WHP FEATURE 016
DJ Zinc has always been doing his own thing. There are few artists who kick off their solo career with a track as seismic as Super Sharp Shooter- with that monster debut Zinc could have never made a track again and still earned his place in the rave history books. As it is, he’s spent the last two decades flinging out British bass music, tearing between genres and carving classics from a subtly shifting palette of deep subs and earworm melodies, aided by a constant desire to push himself further. His drum n bass back catalogue is littered with killers, from scene defining anthems such as the Ready or Not remix, to deeper cuts loved by heads – the tempo switching tricks of Reach Out, the lush melodies of Casino Royale or the nutty drum patterns of Ska. But the same depth in discography is equally there in his work with house and garage; tracks like 138 Trek and Wile Out saw Zinc define the dancefloor in the ‘00s and ‘10s as much as he had in the ‘90s.
Before his appearance at Rodigan’s Ram Jam this Thursday, we grabbed some time with Zinc to get some rare knowledge from an artist who has remained in demand for decades. As he moved from reminiscing over classic electro albums, to dropping surprisingly passionate advocacies for piracy, two things were clear; he’s driven by a relentless thirst for the new, and he loves his job…What have you got planned for the Warehouse Project show?
I never know what you’re going to play… Well, I’m on after Matt Jam Lamont and before Randall So you’re the bridge?
I guess so. When I saw the itinerary come through I thought, yeah this is great. It means I can start off with the more house-y stuff I’ve been into lately and then lead into the jungle for Randall’s set Have you written any tracks that switch tempo, that can specifically take you from house to jungle?
I did a track called Faster on the album of the same name – that went from 60bpm from 115bpm – but I’ve never made one that switches from house to jungle. Marky did a remix of Wile Out that goes from drum n bass into house and back into drum n bass. If I need one track that goes from one straight through to the other I use that.I’ve heard various edits of your tunes – there’s a house edit of Super Sharp Shooter, right?
Yeah, there’s a Jack Beats edit that didn’t come out, and Riva Starr did an edit that also didn’t come out – there’s a few versions of it out there. Is it odd messing around with speeds? Back in the day you would have played a drum n bass set that would have stayed pretty much solid at one tempo all the way through.
Exactly, yeah. I used to play one tempo, now it depends where I’m at. Last Saturday I played a jungle set, the week before it was all house – it depends what I’m doing, I don’t have one set thing. But there are different ways that you can use technology now, you can loop stuff and increase the speed- you can be quite creative and I really enjoy that side of things. When I look back on how it was when I used to play jungle and drum n bass, I’d just be playing dubplates, one record into another with occasionally a third deck – now, although I know it takes a lot of skill to do that well, it seems quite limited compared to the options you get with current technology. I always got an impression that you’re sets were quite crafted-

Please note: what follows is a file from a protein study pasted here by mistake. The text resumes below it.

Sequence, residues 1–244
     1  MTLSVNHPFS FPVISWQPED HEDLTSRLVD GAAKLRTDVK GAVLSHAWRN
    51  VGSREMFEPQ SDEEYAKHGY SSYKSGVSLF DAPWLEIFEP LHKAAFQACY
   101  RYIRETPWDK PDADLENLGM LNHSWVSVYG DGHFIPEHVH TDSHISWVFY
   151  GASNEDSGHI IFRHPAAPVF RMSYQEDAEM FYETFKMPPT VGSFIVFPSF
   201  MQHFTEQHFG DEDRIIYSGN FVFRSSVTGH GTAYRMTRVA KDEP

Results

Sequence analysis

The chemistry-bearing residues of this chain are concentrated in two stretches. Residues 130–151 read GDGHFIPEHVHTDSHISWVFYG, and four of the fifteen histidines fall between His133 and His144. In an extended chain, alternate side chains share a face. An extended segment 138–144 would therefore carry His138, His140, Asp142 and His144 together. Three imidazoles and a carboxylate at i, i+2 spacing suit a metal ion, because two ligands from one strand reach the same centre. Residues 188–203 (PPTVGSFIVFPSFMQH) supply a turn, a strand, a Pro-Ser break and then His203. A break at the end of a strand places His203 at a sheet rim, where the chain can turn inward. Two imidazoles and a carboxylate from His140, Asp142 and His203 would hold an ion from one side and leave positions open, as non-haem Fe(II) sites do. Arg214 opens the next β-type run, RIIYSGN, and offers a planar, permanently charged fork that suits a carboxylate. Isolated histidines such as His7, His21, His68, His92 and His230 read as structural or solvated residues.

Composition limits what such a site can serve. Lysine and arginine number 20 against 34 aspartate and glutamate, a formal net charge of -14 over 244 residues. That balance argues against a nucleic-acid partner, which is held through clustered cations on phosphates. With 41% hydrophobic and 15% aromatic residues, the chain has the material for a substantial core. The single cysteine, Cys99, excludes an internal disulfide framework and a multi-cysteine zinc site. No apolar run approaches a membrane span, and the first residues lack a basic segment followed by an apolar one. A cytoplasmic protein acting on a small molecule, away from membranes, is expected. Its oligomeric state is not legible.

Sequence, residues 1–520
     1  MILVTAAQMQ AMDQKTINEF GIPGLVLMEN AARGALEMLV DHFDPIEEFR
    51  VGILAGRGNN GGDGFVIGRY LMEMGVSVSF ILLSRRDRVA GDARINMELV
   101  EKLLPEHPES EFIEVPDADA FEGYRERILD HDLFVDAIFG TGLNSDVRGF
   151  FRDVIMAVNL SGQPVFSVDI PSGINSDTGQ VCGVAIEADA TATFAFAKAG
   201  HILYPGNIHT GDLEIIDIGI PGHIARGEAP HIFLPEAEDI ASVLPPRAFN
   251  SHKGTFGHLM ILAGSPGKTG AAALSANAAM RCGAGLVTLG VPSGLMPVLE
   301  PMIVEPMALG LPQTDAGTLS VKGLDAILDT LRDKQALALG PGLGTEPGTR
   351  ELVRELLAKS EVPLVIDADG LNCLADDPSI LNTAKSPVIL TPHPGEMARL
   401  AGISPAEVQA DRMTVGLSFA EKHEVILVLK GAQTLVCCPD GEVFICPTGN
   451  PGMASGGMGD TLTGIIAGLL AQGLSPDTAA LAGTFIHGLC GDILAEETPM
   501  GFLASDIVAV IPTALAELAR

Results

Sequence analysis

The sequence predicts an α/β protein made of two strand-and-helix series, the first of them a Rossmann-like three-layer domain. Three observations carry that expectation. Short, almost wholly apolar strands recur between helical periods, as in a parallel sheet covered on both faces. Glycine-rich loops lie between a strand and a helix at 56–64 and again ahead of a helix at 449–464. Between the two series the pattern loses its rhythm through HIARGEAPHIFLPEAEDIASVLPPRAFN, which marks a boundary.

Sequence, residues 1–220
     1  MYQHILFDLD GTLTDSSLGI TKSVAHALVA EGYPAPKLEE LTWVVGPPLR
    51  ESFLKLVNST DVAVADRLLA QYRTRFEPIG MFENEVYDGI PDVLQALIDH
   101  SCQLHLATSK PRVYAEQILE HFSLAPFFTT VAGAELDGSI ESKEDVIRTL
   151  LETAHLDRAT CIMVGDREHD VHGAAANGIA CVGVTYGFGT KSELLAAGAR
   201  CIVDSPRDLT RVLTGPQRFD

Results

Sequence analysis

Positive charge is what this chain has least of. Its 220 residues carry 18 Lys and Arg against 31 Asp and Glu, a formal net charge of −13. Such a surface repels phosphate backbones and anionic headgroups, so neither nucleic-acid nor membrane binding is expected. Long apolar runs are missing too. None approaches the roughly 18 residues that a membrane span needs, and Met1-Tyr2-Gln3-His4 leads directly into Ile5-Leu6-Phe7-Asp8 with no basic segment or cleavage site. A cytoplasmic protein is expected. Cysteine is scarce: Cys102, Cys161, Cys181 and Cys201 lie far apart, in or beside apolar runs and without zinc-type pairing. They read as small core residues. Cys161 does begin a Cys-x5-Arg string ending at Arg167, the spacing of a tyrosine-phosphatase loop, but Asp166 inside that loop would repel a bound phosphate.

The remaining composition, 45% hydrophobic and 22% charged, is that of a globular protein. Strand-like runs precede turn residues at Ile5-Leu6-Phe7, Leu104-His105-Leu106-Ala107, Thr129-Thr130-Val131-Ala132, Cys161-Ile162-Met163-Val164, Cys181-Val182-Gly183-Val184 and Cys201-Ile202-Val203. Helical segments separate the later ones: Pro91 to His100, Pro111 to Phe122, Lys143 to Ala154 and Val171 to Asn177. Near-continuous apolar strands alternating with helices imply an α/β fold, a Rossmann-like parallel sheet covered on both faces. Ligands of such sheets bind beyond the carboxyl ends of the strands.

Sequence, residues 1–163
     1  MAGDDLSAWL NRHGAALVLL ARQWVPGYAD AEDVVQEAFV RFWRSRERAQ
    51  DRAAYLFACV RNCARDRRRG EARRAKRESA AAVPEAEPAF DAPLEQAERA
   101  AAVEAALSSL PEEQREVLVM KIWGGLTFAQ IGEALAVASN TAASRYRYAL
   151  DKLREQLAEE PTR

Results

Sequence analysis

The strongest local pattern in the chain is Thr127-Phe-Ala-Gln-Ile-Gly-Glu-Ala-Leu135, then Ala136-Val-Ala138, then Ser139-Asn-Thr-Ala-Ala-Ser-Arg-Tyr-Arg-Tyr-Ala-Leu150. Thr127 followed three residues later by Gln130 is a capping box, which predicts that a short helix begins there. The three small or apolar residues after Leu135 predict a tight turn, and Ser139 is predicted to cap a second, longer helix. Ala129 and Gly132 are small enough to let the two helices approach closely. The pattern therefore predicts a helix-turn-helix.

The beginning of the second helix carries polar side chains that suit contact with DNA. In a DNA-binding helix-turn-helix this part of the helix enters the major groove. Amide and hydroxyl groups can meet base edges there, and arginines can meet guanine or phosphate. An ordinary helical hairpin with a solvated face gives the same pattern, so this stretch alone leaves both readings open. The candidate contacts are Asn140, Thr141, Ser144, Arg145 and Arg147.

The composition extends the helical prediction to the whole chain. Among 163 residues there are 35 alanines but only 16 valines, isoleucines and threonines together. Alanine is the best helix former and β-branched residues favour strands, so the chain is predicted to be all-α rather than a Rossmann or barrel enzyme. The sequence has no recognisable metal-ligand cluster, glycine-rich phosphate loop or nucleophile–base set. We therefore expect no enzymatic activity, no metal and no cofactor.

Hahahah…. Maybe [he doesn’t sound convinced] yeah… I think with DJing what I’ve always tried to do is keep myself interested. I use my own preferences as a barometer of what to do. So do you ever find yourself booked for, say, a drum n bass set and find yourself wishing you were playing house?
It’s funny, when I was playing a drum n bass set last weekend, the three requests I got were for my house tracks – Wile Out and Show Me. And then when I was playing house in Sheffield there was some bloke in the front going ‘play some drum n bass! When’s the drum n bass coming on!’ he was very enthusiastic. But drum n bass is like a satellite thing – if you’re into house you can listen to a bit of techno, and if you’re into techno you can listen to a bit of house, but if you’re into drum n bass, house is not close. Still, sometimes I’m playing some jungle, I drop into house and people go crazy – I always think it’ll be the other way round. It’s hard to predict. But personally, I don’t get frustrated and think ‘I wish I could play this or that’ – I only play music that I like. When I say I use my own preferences, I mean that sometimes there’s been tracks within the scene that I don’t play because I don’t really like them, and I know that I could get a massive reaction from playing them, but I just think, I’m not that bothered. I’m not thinking, ‘oh what will work?’, I’m thinking, ‘what would I want to hear if I was in the club now?’ So when you are playing house, whose music are you into?
I heard Lorenzo’s new album and I’m really, really into it. It’s coming out in November, and it’s really impressive. I’ve been listening like, fucking hell! It’s really good – which I love. As a producer, I love hearing something that I think is really good – it’s nice to have inspiration, and to hear people who are on the same sound – otherwise you’re thinking, ‘I like what I’m making, but I’m not sure if it makes sense to anyone else’ We’ve done some studio work together and I’m really looking forward to hearing more. I still feel it’s pretty hard to make a good dance album…